Thursday, September 11, 2014


There's a little thing called denial that keeps people from confronting real problems. Denial is a psychological defense mechanism that keeps unwanted and oppressing issues at bay.

Denial prevents us from dealing with reality. In our human psyche, we somehow believe that if we deny it, it doesn't exist. If we refuse to acknowledge or believe in something, then it can't possibly hurt us or affect us. We all live with a certain amount of denial. Some more than others.

Denial just postpones the inevitable, I think. Denial is easy. Reality is sobering.

The reality is this: I am losing my hearing. The cochlear implant in my ear is adequate to hear. But it is not adequate for me to continue doing many things I have done before. With my better ear failing, I am faced with obstacles I cannot overcome, even with the best of technology. Adapting and changing the way I do things can only take me so far. And too many times, that is not enough.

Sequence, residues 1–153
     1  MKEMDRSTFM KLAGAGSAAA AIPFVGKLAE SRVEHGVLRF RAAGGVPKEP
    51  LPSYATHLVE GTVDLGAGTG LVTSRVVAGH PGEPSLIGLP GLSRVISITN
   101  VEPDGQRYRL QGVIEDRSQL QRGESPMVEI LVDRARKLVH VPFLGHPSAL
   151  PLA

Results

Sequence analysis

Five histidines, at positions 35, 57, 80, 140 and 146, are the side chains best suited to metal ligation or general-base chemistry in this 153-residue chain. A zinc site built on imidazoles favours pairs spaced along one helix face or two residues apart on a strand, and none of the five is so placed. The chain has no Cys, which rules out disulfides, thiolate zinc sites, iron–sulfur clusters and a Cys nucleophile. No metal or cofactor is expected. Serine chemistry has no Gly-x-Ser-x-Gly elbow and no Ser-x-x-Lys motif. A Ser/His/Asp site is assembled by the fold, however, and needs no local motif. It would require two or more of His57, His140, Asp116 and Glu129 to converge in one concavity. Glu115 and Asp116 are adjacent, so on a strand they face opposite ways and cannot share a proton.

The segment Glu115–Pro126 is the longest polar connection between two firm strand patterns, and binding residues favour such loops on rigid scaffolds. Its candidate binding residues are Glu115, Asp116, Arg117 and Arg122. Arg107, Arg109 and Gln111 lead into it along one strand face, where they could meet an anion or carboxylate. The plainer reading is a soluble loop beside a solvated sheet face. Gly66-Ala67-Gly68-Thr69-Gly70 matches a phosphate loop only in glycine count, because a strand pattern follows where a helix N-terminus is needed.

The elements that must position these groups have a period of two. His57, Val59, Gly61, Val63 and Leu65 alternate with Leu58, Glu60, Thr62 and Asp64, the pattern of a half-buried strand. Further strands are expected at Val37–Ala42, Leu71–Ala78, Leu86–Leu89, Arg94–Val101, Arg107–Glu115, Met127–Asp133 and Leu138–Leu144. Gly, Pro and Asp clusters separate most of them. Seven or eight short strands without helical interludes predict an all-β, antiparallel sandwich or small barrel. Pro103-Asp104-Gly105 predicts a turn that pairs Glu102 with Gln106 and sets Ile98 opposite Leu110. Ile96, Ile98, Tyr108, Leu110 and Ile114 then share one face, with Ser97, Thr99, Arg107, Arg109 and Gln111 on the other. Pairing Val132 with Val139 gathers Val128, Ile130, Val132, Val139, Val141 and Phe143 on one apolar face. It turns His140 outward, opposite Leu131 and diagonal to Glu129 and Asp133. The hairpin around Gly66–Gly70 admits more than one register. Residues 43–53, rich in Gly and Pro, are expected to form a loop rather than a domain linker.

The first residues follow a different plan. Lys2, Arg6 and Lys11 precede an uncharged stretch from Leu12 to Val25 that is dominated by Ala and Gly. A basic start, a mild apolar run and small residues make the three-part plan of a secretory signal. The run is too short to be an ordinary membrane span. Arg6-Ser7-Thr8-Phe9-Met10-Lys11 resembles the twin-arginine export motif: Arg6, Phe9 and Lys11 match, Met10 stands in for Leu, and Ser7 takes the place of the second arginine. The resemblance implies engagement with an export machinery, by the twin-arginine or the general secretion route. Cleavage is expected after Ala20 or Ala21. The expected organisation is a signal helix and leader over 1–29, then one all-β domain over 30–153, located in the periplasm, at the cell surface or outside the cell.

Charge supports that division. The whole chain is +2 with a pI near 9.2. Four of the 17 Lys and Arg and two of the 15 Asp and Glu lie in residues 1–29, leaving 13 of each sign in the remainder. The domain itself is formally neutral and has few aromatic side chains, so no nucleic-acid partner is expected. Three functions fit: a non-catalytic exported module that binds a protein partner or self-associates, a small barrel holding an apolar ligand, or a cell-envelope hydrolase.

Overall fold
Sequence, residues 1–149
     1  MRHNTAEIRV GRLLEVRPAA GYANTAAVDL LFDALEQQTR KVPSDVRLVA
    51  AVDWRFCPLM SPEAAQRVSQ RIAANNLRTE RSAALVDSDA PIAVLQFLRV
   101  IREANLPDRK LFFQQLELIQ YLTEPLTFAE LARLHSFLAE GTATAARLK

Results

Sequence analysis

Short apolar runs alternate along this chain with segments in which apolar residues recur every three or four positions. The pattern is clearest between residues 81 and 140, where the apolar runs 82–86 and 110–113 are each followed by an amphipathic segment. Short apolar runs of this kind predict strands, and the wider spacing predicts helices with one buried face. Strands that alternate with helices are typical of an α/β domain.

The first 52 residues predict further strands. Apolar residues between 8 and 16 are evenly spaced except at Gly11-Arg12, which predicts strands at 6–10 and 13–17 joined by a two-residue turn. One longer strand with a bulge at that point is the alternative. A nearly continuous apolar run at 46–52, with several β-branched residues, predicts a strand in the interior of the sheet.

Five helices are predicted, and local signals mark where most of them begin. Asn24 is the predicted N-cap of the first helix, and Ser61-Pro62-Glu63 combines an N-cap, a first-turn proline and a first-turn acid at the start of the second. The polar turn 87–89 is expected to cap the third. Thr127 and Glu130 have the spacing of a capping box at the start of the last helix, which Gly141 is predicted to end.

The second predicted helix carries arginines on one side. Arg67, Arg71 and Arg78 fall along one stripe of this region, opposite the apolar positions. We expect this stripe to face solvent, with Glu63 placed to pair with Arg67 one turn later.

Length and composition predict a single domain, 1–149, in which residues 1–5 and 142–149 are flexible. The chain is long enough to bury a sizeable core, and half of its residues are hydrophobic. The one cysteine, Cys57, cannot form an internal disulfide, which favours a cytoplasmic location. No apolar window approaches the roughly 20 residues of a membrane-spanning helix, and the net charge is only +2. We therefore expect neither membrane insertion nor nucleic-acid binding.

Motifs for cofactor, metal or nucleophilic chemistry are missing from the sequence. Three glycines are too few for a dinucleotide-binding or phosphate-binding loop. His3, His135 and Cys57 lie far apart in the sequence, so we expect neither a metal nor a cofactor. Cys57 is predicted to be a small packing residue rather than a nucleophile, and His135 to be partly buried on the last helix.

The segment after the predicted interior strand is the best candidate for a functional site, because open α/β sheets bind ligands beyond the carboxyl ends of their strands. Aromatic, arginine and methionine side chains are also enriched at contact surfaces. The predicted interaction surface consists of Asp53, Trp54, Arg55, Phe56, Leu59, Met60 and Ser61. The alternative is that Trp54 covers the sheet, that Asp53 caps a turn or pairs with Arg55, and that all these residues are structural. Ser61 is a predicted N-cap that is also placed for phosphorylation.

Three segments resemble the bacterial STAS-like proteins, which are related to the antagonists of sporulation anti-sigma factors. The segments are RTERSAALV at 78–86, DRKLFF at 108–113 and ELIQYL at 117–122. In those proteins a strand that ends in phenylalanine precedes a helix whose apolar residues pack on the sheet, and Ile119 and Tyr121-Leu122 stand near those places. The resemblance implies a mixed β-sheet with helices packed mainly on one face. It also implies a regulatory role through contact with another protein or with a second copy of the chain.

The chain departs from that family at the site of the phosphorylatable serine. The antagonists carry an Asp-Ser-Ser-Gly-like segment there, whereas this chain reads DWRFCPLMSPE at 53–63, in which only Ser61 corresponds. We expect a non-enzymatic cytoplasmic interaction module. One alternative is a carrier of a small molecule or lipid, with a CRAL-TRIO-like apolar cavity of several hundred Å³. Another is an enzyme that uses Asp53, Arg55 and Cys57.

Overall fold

Hearing loss is pernicious.

There are those around me who deny the extent of my hearing loss, especially those closest to me. When I speak frankly about my fears and worries and the continuing slide of my natural hearing, they tell me not to worry -- that I am strong and "it's not so bad." You're doing great. You can overcome this. You will do better than you think. You can do this. It'll be all right.

I know the words are meant to encourage me. But they don't really help. They only seem to magnify my daily struggle to "overcome." And when I face disappointment where I wanted success, denial steps in to dissuade me from accepting the truth. Truth is, I'm tired of constantly having to work so hard to be all right. And I know those near me are tired, too.

I'm not all right. And I want others to stop denying how terrible my hearing loss is for me and for them. It sucks. And it's okay to just say so.

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